A student at Rochester Institute of Technology’s National Technical Institute for the Deaf, Nicole Pannullo, is among 211 undergraduates from across the nation to be recognized as Barry Goldwater Scholars. It is the highest undergraduate award of its kind for the fields of the natural sciences, math and engineering.
Pannullo is the first hard-of-hearing RIT student to earn the prestigious award. She is a biochemistry major and research scholar in the College of Science from East Patchogue, N.Y. Counting Pannullo as this year’s Goldwater winner, RIT has had 35 recipients and honorable mentions since 2005.
Her current research project title is “Probing the Two Orientations of Pal in Vesiculating E. coli,” and her career goal is to obtain a Ph.D. in regenerative medicine and pursue a research career developing therapies for genetic disorders, preferably retinal diseases that have limited treatment options.
Her mentors include Lea Vacca Michel, associate professor in the School of Chemistry and Materials Science, RIT’s College of Science; Thomas Michael Redmond, section chief, and Eugenia Poliakov, staff scientist, National Eye Institute’s Laboratory of Retinal Cell and Molecular Biology; Todd Pagano, professor of chemistry and associate dean for Teaching and Scholarship at NTID; and Morgan Bida ’07, ’03, analytical instrumentation specialist in NTID’s science and mathematics department.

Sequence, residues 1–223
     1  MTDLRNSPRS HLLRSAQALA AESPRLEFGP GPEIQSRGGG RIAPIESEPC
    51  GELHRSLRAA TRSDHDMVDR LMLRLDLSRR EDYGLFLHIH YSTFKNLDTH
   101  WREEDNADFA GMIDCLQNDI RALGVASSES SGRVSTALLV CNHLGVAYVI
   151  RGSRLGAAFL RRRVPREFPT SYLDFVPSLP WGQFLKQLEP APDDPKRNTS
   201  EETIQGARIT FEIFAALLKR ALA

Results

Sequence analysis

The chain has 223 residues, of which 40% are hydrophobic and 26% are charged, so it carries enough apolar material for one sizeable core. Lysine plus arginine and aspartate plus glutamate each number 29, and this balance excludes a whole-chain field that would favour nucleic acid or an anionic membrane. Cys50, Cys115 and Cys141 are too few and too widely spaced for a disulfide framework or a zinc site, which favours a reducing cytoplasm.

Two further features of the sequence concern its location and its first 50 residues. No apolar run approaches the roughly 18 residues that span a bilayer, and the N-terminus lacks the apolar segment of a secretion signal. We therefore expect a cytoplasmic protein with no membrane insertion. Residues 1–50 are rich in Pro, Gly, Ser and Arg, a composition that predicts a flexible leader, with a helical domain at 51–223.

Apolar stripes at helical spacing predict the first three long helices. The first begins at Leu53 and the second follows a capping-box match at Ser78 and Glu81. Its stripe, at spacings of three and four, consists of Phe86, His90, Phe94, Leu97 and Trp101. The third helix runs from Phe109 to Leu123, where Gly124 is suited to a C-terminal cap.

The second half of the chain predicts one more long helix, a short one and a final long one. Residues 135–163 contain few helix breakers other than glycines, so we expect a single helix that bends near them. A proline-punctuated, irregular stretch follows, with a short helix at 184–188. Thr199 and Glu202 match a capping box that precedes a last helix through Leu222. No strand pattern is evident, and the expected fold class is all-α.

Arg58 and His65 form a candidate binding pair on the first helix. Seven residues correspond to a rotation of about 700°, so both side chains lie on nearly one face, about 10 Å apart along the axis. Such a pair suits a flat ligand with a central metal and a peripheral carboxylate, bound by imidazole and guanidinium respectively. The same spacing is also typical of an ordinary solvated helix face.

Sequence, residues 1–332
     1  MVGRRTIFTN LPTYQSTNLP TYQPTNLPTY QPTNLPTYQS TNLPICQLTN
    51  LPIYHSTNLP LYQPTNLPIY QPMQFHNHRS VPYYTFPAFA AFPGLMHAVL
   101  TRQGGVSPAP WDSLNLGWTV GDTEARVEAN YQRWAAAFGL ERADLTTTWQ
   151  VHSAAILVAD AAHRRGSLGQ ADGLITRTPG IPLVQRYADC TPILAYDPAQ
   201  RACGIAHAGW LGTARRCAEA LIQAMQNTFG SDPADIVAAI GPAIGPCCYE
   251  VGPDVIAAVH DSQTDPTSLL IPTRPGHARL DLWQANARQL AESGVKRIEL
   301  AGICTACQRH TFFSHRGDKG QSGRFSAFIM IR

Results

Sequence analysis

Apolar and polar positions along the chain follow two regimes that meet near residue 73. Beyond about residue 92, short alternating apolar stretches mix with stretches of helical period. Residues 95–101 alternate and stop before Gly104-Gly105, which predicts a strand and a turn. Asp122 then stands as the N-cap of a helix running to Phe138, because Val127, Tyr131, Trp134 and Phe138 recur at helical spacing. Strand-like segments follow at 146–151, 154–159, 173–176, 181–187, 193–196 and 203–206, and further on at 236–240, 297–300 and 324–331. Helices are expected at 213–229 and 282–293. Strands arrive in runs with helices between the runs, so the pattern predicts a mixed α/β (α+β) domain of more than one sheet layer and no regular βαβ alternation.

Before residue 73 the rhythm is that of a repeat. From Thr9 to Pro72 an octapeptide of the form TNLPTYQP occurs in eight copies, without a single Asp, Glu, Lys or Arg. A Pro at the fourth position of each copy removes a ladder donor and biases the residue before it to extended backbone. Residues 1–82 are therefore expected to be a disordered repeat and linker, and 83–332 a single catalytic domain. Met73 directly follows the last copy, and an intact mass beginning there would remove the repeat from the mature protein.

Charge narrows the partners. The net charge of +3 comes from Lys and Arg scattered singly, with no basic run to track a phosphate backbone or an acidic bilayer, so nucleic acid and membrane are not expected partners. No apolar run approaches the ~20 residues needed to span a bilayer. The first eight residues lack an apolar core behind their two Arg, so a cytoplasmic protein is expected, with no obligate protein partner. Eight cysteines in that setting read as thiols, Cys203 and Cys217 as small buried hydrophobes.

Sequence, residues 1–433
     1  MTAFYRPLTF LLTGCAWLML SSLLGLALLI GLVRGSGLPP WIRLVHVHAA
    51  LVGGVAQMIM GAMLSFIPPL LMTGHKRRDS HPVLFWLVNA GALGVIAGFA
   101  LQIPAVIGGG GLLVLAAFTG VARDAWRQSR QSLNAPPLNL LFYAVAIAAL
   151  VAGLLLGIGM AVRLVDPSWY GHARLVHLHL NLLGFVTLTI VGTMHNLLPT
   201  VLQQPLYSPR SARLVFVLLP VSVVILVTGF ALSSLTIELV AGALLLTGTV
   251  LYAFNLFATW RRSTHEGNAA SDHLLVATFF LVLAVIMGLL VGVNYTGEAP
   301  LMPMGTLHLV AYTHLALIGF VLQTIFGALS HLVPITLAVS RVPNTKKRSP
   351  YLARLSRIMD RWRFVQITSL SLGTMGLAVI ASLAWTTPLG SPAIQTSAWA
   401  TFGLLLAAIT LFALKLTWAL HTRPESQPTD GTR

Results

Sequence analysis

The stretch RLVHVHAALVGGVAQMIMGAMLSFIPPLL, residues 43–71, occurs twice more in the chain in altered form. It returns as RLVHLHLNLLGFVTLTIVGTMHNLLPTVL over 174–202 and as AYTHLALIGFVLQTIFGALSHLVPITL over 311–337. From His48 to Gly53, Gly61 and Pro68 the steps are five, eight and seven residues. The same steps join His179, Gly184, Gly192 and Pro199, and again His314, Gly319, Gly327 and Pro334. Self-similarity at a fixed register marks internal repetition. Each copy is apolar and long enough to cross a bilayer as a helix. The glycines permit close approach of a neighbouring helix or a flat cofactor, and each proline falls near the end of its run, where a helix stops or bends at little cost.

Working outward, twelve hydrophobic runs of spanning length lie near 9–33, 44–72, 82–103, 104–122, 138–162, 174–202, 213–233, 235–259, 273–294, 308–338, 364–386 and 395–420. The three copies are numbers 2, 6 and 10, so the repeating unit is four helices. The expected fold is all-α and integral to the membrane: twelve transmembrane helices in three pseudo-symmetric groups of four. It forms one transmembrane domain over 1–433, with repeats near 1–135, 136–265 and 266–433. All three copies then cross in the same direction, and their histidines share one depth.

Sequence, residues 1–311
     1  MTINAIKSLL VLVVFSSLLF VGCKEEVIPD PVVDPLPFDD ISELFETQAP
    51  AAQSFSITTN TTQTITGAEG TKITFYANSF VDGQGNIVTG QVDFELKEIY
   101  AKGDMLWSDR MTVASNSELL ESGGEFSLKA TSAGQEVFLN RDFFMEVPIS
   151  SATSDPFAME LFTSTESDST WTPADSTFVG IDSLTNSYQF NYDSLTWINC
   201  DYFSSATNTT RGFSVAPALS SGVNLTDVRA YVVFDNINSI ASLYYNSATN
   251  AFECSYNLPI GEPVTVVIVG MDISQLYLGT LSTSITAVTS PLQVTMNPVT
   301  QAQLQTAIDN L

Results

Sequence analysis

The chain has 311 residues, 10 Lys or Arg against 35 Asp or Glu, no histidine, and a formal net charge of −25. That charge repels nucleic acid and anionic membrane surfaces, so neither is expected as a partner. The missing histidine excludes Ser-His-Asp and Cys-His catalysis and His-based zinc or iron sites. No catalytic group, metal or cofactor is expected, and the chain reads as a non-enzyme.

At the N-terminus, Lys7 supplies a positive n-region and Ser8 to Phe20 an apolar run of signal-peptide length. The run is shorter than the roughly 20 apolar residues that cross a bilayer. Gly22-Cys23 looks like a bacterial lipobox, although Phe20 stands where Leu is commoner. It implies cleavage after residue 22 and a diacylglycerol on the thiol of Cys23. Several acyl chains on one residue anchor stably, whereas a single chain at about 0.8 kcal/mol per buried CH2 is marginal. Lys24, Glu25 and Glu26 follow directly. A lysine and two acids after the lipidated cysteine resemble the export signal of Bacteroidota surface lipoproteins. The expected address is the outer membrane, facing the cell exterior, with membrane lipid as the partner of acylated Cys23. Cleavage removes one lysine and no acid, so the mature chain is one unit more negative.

“Nicole is an incredibly talented young scientist, and we are so proud of her many accomplishments,” said Gerry Buckley, NTID president and RIT vice president and dean. “Being the first hard-of-hearing RIT student to be awarded a Goldwater Scholarship is a great personal achievement for Nicole. She’s a trailblazer and role model for her deaf and hard-of-hearing peers.”
The scholarship recognizes exceptional college sophomores and juniors across the nation. This year, awardees were selected from a field of 1,280 undergraduates and were nominated by campus representatives from among 2,000 colleges and universities nationwide. They will receive up to $7,500 toward the cost of tuition, fees, books and room and board.
Of this year’s Goldwater Scholars, 29 are mathematics and computer science majors, 142 are majoring in the natural sciences, and 40 are majoring in engineering. Many are majoring in a combination of mathematics, science, engineering and computer science.
The scholarship honoring U.S. Sen. Barry Goldwater was designed to encourage outstanding students to pursue careers in the fields of mathematics, natural sciences and engineering. Since its first award in 1989, the Foundation has bestowed 8,132 scholarships worth approximately $65 million.